Dog receiving injection in leg for corticosteroids

Corticosteroids can be given to your pet either by injection (into a vein, joint or muscle, or under the skin) or by mouth (tablets). In dogs with immune-mediated disease, e.g. inflammatory bowel disease, polyarthritis, meningitis, myositis, granulomatous meningoencephalitis (GME) and tumours, the most commonly prescribed corticosteroid is prednisolone.

Why has your pet been prescribed corticosteroid tablets?

Corticosteroids reduce inflammation and control abnormal immune system response. Therefore, in pets with immune-mediated disease, the problem can generally be managed rather than cured with prednisolone.

How frequently will my dog need to take prednisolone?

Follow the prescribed dose and directions given by your veterinarian. Generally, prednisolone tablets are given in the morning, either with or shortly after a meal.

What is the dose of prednisolone my pet will need?

Your veterinary surgeon will advise you of the dose of prednisolone required to treat your pet; the dose will depend on the particular disease. Higher doses are often prescribed at the start of treatment and reduced very gradually as your pet improves; it may be necessary to continue your pet on a low dose of prednisolone indefinitely. The dose of prednisolone mustn’t be changed without consulting your veterinarian; it can be dangerous for your pet if the dose is stopped abruptly. Prednisolone generally works quickly, and your pet should begin to improve within a few days.

What are the side effects of prednisolone?

The most common side effects of corticosteroids are increased thirst (polydipsia) and urination (polyuria), weight gain and gastrointestinal problems (upset stomach, vomiting and diarrhoea); some dogs may experience muscle wasting, exercise intolerance and lethargy. Side effects are more severe with high doses over prolonged periods, so your veterinarian will use the lowest amount to manage your pet’s disease effectively. In addition, prolonged treatment with prednisolone can predispose to infection, and dogs with diabetes may require a change in their insulin dosage.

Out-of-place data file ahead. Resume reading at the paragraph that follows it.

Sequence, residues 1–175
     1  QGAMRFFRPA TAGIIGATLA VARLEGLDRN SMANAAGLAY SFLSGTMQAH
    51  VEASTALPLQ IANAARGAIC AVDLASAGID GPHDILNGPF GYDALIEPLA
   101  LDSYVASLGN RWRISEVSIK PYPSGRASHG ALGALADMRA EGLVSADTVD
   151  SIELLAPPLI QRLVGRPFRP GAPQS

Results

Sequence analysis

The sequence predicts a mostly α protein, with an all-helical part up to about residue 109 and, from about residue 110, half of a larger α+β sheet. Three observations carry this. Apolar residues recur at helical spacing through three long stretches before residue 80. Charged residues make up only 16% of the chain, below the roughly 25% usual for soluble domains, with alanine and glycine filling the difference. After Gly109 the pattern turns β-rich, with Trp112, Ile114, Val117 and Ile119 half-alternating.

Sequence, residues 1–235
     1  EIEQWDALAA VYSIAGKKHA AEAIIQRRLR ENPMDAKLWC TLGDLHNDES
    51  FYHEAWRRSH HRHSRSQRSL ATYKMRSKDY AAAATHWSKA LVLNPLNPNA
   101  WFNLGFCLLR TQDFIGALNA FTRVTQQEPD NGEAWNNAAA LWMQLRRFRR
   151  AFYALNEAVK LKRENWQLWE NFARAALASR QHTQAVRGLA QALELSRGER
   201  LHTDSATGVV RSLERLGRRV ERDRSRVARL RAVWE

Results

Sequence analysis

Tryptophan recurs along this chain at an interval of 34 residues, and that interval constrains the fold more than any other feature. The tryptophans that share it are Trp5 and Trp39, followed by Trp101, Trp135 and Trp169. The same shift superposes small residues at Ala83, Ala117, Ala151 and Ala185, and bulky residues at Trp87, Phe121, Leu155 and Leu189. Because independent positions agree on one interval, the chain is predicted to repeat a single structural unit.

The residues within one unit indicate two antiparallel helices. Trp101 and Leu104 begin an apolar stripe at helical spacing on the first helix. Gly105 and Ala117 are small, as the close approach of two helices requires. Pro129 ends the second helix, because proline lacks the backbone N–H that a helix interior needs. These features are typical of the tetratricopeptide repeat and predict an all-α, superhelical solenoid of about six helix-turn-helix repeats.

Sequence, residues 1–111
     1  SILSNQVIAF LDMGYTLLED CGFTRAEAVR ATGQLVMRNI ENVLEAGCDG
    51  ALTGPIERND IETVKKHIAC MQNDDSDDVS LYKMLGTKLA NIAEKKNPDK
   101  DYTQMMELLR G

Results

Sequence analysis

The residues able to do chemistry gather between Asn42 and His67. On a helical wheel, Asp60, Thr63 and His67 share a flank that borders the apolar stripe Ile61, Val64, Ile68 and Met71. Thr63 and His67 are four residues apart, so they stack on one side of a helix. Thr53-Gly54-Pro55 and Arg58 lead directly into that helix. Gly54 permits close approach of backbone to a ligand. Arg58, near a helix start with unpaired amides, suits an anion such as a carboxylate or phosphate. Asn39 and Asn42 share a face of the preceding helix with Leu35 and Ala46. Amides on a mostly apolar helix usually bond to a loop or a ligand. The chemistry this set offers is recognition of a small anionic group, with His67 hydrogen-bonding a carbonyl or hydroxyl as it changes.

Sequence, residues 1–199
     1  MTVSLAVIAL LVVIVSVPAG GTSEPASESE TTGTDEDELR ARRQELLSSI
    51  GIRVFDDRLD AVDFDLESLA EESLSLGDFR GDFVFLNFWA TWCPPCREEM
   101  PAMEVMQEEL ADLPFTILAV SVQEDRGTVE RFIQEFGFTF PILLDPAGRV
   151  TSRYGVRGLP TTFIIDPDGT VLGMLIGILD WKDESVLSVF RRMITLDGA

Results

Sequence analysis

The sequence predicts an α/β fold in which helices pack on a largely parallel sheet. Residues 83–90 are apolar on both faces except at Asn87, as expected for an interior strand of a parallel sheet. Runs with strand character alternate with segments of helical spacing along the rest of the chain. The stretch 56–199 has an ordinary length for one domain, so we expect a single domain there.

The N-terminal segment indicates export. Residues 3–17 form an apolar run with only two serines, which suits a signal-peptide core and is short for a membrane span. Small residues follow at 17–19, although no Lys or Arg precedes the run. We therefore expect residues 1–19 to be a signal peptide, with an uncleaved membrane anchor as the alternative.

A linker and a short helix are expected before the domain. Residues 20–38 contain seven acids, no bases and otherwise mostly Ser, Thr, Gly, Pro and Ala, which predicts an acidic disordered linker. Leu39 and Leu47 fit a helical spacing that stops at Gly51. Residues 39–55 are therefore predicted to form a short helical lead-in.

Are there alternative treatments to corticosteroids?

Alternatives to corticosteroids can be considered if the response to treatment is inadequate or the side effects of the drug intolerable. Your veterinarian or neurologist will discuss alternative treatments with you.

Will my pet require blood tests during treatment?

Blood tests to evaluate liver function or sugar levels may be performed periodically.

If my pet is taking other medication, could corticosteroids have an adverse effect?

Generally, corticosteroids can be taken along with your pet’s other medications. However, some drugs will exacerbate the side effects. It is important to note that corticosteroids should not be taken in combination with other anti-inflammatory medicines (pain killers such as meloxicam or carprofen), as severe or life-threatening gastrointestinal haemorrhage can occur.

Can I continue to vaccinate my pet if corticosteroids have been prescribed?

Most vaccines are safe to give, but it is always prudent to first check with your veterinary surgeon. If in doubt, live vaccines should be avoided.

If you require further information about corticosteroids, please do not hesitate to contact your veterinary surgeon. Always keep records of treatment if the vet you have contacted is not familiar with your pet’s history.

Remember to keep all medications out of the reach of children and use gloves when handling tablets.

Arranging a referral for your pet

If you would like to refer your pet to see one of our Specialists please visit our Arranging a Referral page.